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Mohamed Ariff

This chapter introduces the reader to a brief description of modern finance ideas as regards wealth management. As at 2016, the total wealth under management as securities is about US$44 trillion managed by some 13,000 management companies. Humanity has accumulated wealth aster in the last century than at any time in history. Most of the wealth – almost three quarters of them - is concentrated in the industrialized countries. How the wealth is managed by advanced IT-based mathematical models is explained in this chapter. None of these methods are excluded if one were to adopt Islamic concept of wealth, which idea leans in ways to make the choices of wealth creation, and management on the basis of moral sentiments of the community in which wealth should be accumulated to benefit the community.

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Mohamed Ariff

Sukuk bonds are certificates issued by a borrowing firm to the joint owners who provide the funds when a firm issues sukuk bonds. There are six different types of funding for six different purposes for which funds can be borrowed in a sukuk bond exchange. There are some 17 such exchanges and the exchange in Malaysia holds two-thirds of the outstanding value of such bonds. This chapter provides an introduction of the principles governing the issuance of such debt instruments. It also examines the pricing behaviour to show how the yields are different for different tenor, and for difference sin riskiness.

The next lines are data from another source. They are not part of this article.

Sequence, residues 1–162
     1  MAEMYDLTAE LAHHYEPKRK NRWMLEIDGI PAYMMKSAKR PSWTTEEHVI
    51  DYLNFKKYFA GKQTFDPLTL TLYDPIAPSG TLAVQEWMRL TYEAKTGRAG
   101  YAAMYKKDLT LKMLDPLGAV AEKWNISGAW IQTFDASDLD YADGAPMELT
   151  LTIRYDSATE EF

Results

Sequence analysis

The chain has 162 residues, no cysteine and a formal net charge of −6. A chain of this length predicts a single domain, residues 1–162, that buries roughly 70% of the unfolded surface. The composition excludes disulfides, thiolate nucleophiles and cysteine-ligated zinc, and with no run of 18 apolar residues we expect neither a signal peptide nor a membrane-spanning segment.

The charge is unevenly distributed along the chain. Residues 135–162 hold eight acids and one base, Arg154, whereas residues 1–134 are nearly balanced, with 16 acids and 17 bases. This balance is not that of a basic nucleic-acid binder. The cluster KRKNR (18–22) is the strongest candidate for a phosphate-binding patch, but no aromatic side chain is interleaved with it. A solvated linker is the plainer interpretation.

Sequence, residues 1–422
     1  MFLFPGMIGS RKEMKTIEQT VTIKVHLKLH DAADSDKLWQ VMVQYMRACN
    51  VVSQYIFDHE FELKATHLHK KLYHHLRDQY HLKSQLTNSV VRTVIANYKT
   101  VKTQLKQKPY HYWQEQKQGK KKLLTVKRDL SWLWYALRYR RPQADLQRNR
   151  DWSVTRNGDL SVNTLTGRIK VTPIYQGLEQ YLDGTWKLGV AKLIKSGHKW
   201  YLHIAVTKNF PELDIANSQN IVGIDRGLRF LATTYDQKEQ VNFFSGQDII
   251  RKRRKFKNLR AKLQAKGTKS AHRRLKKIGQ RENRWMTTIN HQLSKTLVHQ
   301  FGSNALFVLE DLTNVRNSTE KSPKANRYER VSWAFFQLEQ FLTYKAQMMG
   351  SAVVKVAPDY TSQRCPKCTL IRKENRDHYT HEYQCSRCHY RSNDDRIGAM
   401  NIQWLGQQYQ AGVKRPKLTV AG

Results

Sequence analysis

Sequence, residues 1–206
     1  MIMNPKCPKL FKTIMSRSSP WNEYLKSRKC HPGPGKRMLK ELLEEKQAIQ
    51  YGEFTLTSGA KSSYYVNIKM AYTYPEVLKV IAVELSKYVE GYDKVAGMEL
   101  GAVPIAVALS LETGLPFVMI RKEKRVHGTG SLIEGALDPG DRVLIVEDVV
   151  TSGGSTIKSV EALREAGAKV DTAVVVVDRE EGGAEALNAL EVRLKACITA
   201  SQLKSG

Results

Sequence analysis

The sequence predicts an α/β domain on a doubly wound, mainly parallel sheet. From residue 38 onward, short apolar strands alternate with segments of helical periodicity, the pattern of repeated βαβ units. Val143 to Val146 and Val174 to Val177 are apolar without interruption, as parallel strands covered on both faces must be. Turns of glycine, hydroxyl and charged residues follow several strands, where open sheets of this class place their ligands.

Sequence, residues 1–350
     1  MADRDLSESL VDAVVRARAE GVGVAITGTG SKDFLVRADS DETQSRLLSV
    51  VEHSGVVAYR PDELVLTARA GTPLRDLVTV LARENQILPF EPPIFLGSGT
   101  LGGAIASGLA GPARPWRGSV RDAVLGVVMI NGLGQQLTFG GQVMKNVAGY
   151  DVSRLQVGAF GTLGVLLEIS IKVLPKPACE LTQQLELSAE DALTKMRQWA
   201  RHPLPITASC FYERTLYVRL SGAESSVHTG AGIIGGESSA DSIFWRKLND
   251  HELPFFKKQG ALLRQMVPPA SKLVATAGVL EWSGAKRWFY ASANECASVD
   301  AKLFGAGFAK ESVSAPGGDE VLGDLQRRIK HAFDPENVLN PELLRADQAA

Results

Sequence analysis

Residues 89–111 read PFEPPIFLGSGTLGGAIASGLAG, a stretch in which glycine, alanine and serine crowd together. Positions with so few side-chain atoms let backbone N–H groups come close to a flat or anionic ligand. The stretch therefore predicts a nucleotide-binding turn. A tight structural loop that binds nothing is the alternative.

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Mohamed Ariff

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Mohamed Ariff

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Mohamed Ariff

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Mohamed Ariff and Shamsher Mohamed

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Mohamed Ariff, Munawar Iqbal and Shamsher Mohamed

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Mohamed Ariff, Meysam Safari and Shamsher Mohamed

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Mohamed Ariff, Munawar Iqbal and Shamsher Mohamed

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Mohamed Ariff and Meysam Safari

This chapter presents a socio-economic profile of Muslim countries as at the beginning of the second decade of the 21st century. In broad terms, the 57 majority Muslim countries have a combined population of 1.4 billion Muslims, which is 23 percent of the world population. An additional 200 million to 350 million live as minorities in almost all other nations. The World Bank’s human development index score of 59 for them is 15 percent lower than the world average. In fact, the slightly lower human development score is surprisingly good news on how far the Muslim countries have progressed based on the perception of their situation some 60 years ago as depicted in the then contemporary historical accounts. Muslims then were described as examples of lack of modernization and their countries were examples of poor governance. During the 60-year period, most of these nations gained freedom from colonial rule. The extent of the progress made in the contemporary period is examined in this study using factual socio-economic data series. This augurs well for future development towards democracy, development, and human progress of Muslims around the world.